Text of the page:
My old Kentucky is also home to public corruption, Justice Department says

State ranks No. 4 per capita over past 10 years

Make a list of what Kentucky is known for.

Horse racing, bourbon and basketball are probably at the top.

Now add public corruption.

Kentucky is No. 4 on the list of most corrupt states, based on the number of people convicted of public corruption between 2002 and 2011 per capita.

Kentucky has 6.89 convictions per 100,000 people.

Ohio is 13th at 4.11 and Indiana is 33rd at 2.14.

Who’s No. 1?

That’s Louisiana with nearly nine convictions per 100,000.

The data comes from the Department of Justice.

Northern Kentucky has been rocked by public corruption scandals this year.

• Bob Due, former finance director for the city of Covington, was arrested Aug. 23 on charges of embezzling at least $600,000. He  is awaiting trial.

• Phil Trzop, former Boone County Water District general manager, pleaded guilty Aug. 28 to selling scrap metal from repairs. He used some of the $30,000 he took to pay Christmas bonuses to employees but pocketed the rest. He was sentenced to 60 days in jail.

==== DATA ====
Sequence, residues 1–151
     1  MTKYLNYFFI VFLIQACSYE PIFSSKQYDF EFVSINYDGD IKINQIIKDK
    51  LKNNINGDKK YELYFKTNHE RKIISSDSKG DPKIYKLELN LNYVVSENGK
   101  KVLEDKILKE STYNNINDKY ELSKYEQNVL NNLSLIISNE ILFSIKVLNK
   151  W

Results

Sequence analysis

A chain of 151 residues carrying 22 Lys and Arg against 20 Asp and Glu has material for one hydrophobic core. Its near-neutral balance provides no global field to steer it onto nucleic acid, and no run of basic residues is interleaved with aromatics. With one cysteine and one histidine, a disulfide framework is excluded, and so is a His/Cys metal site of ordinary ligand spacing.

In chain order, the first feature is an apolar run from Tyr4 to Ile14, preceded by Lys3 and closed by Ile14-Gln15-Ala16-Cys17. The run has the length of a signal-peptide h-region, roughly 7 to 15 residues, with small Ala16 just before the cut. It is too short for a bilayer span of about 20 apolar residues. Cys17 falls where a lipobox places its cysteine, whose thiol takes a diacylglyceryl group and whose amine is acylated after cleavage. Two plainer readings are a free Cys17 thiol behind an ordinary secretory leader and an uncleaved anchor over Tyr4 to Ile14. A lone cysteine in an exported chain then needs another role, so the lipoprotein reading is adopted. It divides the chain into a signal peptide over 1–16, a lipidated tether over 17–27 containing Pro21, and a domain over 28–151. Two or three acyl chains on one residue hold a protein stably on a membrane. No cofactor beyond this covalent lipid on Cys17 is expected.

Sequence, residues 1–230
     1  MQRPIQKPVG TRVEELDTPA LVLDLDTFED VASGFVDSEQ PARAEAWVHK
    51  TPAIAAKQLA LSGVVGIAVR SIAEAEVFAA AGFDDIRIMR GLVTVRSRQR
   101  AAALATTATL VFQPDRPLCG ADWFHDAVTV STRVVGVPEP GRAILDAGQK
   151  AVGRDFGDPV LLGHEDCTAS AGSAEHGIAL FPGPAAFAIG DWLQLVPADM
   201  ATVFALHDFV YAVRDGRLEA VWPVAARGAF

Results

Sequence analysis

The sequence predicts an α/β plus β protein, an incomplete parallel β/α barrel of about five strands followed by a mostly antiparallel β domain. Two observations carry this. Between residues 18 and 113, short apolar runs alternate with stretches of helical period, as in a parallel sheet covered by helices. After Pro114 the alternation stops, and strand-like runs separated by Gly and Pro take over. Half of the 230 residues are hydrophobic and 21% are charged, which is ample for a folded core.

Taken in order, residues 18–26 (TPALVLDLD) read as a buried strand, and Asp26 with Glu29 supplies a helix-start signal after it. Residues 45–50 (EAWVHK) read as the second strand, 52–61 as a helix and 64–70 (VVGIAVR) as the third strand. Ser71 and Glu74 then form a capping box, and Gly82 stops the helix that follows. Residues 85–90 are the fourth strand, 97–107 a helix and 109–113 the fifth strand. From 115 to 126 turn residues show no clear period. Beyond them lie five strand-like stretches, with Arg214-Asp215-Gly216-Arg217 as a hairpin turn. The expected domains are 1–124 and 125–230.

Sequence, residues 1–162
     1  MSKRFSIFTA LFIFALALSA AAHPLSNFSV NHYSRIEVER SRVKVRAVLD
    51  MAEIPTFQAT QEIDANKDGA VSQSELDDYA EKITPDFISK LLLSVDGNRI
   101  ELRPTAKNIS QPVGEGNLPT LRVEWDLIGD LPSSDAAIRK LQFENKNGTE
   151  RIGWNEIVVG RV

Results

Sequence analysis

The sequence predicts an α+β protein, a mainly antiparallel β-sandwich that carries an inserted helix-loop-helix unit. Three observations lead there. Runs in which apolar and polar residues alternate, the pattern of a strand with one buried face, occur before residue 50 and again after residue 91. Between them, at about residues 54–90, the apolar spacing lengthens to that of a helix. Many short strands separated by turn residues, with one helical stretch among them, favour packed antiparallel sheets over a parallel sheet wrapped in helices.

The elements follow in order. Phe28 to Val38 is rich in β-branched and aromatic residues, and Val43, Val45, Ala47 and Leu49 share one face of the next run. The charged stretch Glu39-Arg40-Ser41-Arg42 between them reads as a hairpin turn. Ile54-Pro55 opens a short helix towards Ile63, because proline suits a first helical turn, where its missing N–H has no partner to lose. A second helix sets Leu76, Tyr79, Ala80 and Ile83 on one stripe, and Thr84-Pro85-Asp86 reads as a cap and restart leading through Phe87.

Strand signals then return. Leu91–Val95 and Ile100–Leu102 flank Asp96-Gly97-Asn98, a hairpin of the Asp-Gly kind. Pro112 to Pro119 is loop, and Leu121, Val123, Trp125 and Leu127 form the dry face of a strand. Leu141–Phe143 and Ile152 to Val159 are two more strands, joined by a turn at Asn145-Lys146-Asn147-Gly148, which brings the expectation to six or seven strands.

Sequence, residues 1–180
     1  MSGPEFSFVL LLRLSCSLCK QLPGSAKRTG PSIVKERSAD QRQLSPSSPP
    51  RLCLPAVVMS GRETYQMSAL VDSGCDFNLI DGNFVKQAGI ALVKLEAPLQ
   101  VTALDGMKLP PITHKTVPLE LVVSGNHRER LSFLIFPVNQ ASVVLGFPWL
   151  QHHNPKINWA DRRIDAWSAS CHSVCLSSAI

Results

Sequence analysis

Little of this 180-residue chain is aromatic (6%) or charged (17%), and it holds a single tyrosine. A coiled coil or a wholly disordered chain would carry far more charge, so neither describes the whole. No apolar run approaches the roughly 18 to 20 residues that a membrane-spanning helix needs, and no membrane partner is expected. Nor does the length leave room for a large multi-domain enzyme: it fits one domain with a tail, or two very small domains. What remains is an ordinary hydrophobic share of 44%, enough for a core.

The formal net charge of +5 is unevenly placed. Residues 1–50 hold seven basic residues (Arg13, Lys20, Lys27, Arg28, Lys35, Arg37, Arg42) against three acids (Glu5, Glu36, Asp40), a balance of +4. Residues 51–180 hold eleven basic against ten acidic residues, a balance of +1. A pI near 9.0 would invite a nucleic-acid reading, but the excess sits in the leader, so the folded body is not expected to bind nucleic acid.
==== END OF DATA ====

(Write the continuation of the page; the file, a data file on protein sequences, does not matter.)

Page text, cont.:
• Gary Rye, former superintendent of Dayton Independent Schools, was accused of taking nearly $224,000 in unauthorized benefits and payments in a special state audit released March 8. He has not been charged.

By far, most of the corruption cases in the state in the past 10 years - 237 - occurred in the Eastern District, which includes Northern Kentucky,  to 65 in the Western District.

See the DOJ Public Integrity Section Report for 2011 at

The table below, provided by Business Insider, lists states by convictions per 100,000 people between 2002 and 2011:



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